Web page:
In His writings, Bahá’u’lláh made clear provision for the Bahá’í community to ensure continuing guidance after His passing. This successorship started with ‘Abdu’l-Bahá, the son of Bahá’u’lláh, and then passed to Shoghi Effendi, the grandson of ‘Abdu’l-Bahá. Finally, the successorship concluded with the Universal House of Justice, as decreed by Bahá’u’lláh.
This continuing flow of guidance is referred to as the Covenant of Bahá’u’lláh. Bahá’ís accept the divine authority of the Báb and Bahá’u’lláh, as well as the appointed successors.
`Abdu'l-Baha, the son of Bahá'u'lláh, is considered to be the perfect exemplar of the Bahá'í teachings. In all of their endeavours, Bahá'í’s consciously strive to emulate `Abdu’l-Bahá’s qualities.
In His Will and Testament, Bahá'u'lláh named `Abdu’l-Bahá as His successor and the authorized interpreter of His Writings.
From a young age, `Abdu’l-Bahá witnessed His Father’s persecution and suffering, and spent most of His own life as a prisoner and in exile. `Abdu’l-Bahá was Bahá'u'lláh’s most devoted companion during the long years of suffering. Following Bahá'u'lláh’s passing in 1892, the growing Bahá'í community turned to `Abdu’l-Bahá for guidance and the interpretation of Bahá'u'lláh’s teachings.
Abdu’l-Bahá devoted His life to furthering Bahá'u'lláh’s message of peace and unity in both the East and the West. His unconditional love, generosity and selfless service to humanity offer a vivid demonstration of Bahá'u'lláh’s teachings in action.
At the age of 67, after having spent 40 years as a prisoner, `Abdu’l-Bahá embarked on a series of historic journeys across Europe and America. He visited the United Kingdom twice, first in 1911 and again the following year.
Shoghi Effendi, the Guardian of the Bahá'í Faith was the eldest grandson of `Abdu’l-Bahá. He was studying in Oxford when `Abdu’l-Bahá passed away in 1921. His grandfather’s will stated that Shoghi Effendi had been appointed as the Guardian of the Bahá'í Faith, a position he held until his passing in 1957.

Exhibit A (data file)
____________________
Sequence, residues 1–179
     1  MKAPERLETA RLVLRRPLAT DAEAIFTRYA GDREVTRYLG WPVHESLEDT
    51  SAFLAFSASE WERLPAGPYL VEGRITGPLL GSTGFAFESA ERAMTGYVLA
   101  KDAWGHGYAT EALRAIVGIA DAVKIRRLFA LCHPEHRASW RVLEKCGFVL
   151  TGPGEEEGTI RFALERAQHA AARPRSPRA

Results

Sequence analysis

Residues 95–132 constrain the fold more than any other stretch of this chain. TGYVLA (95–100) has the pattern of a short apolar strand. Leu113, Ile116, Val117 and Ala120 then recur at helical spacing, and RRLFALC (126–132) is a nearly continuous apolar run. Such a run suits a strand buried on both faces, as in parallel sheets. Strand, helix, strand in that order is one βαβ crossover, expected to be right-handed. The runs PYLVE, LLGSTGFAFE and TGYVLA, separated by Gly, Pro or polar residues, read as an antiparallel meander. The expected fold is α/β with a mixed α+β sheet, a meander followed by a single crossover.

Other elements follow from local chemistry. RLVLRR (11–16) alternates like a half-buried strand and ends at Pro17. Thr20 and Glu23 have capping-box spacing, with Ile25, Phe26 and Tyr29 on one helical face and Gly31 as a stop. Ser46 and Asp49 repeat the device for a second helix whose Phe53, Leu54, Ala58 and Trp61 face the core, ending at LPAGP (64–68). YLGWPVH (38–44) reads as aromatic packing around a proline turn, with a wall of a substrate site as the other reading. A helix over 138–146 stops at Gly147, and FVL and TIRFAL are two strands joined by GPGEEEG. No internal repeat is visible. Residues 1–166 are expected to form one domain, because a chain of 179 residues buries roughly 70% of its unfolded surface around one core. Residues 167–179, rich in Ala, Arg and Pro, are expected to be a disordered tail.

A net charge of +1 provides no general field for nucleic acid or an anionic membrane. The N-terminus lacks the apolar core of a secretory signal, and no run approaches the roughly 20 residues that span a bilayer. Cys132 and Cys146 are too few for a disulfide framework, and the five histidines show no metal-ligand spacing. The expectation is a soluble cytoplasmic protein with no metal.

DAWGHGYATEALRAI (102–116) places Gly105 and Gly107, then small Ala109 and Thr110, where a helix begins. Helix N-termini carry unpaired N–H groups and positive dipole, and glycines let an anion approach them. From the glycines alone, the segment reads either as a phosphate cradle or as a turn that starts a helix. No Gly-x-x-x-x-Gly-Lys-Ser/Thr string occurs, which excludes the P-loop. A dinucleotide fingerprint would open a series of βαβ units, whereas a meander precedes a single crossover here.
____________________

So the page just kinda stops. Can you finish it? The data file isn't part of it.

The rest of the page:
The Guardian facilitated the emergence of the unique system designed by Bahá'u'lláh for administering the affairs of an increasingly diverse, worldwide Bahá'í community, and prepared the community for the establishment of an international governing body, the Universal House of Justice.
During the 36 years of his Guardianship, Shoghi Effendi translated the Bahá'í Scriptures into English, authored several books and wrote thousands of letters in response to questions from Bahá'ís around the world. In his writings, he expounded on Bahá'u'lláh’s teachings, gave an awe-inspiring vision of the future, and offered profound spiritual insights regarding the dynamics of social change.
On 4 November 1957, Shoghi Effendi, during a visit to London, suffered severe influenza, and suddenly passed away. His resting place in the New Southgate Cemetery is a place of prayer and reflection for visitors from all over the world.
The Universal House of Justice, the international governing council ordained by Bahá'u'lláh, today guides the worldwide Bahá'í community. It is a nine-member body, elected every five years by the entire membership of all National Spiritual Assemblies worldwide.
The Universal House of Justice was first elected in April 1963 by members of the 56 National Spiritual Assemblies that had been established to date. The election of the Universal House of Justice was a tremendously significant event. The worldwide Bahá'í community was able to bring into existence the permanent international institution to guide its affairs, promulgate the laws of the Bahá'í Faith and guide the community to participate systematically in building the prosperous global civilization envisioned by Bahá'u'lláh.
As stipulated by Bahá'u'lláh, the Seat of the Universal House of Justice is located in the Holy Land, on Mount Carmel in Israel, in close proximity to the Shrine of the Bab. In His Book of Laws, Bahá’u’lláh instructed the unique institution of the Universal House of Justice to exert a positive influence on the welfare of humankind, promote education, peace and global prosperity, and safeguard human honour and the position of religion.
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